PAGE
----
God Bless VBS Songs

by Meredith Storrs
My car speakers are on a regular loop this week that includes “Jesus is our Guide,” “He is The Light,” and “I’m Trusting You,” a song that opens with a growling lion and monumental drumbeat. While 20-something me would have rolled her eyes in musical elitist disdain, I could not be happier to learn the dance moves and sing along with my children about how God makes a way in the wilderness.

I added this year’s Cornerstone Kids Camp songs to a Spotify playlist I created after VBS 2019—enhanced of course with some Newsboys, 90s worship jams, and half the DC Talk Jesus Freak album because, well, necessary. The line between music quality and the rosy glasses of nostalgia has completely blurred for me, and I have no shame.

I was raised in the Bible Belt, although to be fair, I did not actually grow up on an exclusive diet of CCM. In fact, I only recently learned that this is an insider acronym for “Contemporary Christian Music” thanks to Twitter. My parents are both musicians, and my dad produced music for several country artists, so most of my CD collection was Shania Twain, Dixie Chicks, Garth Brooks, and all their other friends in low places. I did, however, attend Christian summer camp and youth conferences, where we sang “Friends are Friends Forever” and “I Can Only Imagine” until our eyes were all red and our hearts full. I was the banner youth group kid in a town where we spent more time discussing which kind of Christian you were than whether or not you had heard about Jesus. Still, I prided myself on being “in the world” because I hung out with a handful of non-Christian theater friends. I had no idea how much I was being shaped by safely floating among the majority culture. I was a hot mess of self-righteous arrogance and wild-eyed insecurity, but a seed planted nonetheless, hoping to grow into spiritual fruitfulness amid various thorns and thistles of church-life at the turn of the last century. I was hungry, and God was so, so gracious.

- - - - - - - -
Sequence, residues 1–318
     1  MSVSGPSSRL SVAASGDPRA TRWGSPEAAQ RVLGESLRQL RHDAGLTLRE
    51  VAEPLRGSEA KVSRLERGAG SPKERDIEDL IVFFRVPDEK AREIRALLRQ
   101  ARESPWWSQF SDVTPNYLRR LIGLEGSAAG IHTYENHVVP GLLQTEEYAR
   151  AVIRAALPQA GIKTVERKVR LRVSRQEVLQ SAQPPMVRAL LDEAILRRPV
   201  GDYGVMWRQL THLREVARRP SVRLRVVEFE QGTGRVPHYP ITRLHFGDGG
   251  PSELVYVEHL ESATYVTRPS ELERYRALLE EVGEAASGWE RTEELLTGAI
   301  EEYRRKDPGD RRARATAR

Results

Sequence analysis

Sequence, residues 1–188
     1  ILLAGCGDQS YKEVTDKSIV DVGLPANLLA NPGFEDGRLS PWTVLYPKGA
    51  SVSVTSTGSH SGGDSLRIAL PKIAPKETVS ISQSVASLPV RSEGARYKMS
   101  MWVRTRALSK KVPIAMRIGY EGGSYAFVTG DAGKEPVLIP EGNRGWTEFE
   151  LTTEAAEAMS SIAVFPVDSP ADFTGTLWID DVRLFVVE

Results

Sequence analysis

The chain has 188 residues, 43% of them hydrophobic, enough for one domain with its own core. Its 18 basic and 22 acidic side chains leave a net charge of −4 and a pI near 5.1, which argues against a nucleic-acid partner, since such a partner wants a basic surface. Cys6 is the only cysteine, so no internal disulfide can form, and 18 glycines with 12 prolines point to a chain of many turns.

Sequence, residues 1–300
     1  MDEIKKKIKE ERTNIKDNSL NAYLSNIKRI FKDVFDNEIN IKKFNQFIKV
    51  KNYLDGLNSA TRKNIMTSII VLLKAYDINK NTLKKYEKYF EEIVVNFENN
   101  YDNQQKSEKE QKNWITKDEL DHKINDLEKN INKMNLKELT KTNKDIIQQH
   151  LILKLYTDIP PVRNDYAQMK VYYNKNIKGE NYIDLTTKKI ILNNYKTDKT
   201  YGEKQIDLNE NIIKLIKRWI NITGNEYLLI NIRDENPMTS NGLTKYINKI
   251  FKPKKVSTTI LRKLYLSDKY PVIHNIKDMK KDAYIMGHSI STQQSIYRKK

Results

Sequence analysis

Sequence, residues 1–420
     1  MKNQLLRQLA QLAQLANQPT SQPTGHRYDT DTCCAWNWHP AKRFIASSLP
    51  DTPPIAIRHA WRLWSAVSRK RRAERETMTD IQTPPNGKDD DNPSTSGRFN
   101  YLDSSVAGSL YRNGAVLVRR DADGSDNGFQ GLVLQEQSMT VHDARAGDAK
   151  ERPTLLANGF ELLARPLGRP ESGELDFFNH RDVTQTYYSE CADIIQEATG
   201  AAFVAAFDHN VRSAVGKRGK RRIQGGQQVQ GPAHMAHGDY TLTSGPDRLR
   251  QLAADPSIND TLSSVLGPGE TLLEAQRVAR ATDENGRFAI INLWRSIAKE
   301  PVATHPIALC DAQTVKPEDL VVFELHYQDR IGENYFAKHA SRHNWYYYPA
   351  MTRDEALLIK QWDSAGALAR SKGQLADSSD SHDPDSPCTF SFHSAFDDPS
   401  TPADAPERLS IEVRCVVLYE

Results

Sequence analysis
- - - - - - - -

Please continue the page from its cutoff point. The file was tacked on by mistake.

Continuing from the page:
While my childhood was saturated in Christian culture, my kids are having the opposite experience. They attend a school where they don’t know anyone else who goes to church every Sunday. Sometimes they are mocked. Often they feel a bit lonely. And every year my husband and I weigh our circumstances, family ministry opportunities, and their educational needs to see if this all still makes sense. We know God has called us to love the city of Los Angeles, and this is how it looks right now. They ended up as missionary kids right here in America.

The reality is that no city, neighborhood, or school option comes without both costs and opportunities. We each weigh these carefully and prayerfully to make choices in our families. For those of us parenting at Cornerstone, any school choice means regularly interacting with a Los Angeles culture that at best glorifies other gods and at worst, actively fights against ours. As my kids grow increasingly aware of their difference, moments to gather with the church family are more and more precious. Church is a place to exhale, a community who knows their lingo and joins them in song.

And so thank you, from the bottom of my heart, to all of you who invested time in Cornerstone Kids Camp this year. You made space for a bunch of little Angelenos to experience God—some maybe for the first time. You seeded memories that will one day be part of their testimony, a story of God’s work in this next generation that I cannot wait to watch unfold. For these kids, life will get crazy, wild and amazing, but thanks to all the mothers, fathers, and big brothers and sisters, over 80 of our kids are singing about how He is good.